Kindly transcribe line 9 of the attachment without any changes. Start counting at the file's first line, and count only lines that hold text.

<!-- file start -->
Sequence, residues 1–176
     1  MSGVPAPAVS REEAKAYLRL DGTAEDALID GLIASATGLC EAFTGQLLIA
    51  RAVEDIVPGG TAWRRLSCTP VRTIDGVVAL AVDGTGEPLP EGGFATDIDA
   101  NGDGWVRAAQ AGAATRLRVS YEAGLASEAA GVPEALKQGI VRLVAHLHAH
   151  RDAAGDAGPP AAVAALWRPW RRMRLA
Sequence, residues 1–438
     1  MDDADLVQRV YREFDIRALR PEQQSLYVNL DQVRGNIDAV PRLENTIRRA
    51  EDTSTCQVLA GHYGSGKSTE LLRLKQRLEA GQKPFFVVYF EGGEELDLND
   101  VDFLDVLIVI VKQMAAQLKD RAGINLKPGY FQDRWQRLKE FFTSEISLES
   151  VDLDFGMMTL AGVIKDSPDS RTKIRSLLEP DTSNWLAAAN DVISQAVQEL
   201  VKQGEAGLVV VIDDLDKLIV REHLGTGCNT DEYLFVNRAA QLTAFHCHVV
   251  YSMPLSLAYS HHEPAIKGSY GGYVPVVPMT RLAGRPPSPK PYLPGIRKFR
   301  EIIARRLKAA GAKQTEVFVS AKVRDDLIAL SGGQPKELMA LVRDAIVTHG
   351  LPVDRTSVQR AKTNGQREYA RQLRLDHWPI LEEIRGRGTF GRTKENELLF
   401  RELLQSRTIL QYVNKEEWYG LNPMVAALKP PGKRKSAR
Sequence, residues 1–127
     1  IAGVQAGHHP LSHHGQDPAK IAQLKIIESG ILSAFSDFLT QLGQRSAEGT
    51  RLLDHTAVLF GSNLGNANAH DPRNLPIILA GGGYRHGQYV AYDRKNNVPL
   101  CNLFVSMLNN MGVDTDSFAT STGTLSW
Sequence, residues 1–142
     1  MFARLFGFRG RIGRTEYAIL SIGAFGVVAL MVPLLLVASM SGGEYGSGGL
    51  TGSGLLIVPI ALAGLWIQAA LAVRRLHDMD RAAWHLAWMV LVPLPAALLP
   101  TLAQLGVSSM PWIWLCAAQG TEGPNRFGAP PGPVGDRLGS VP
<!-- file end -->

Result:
   101  VDFLDVLIVI VKQMAAQLKD RAGINLKPGY FQDRWQRLKE FFTSEISLES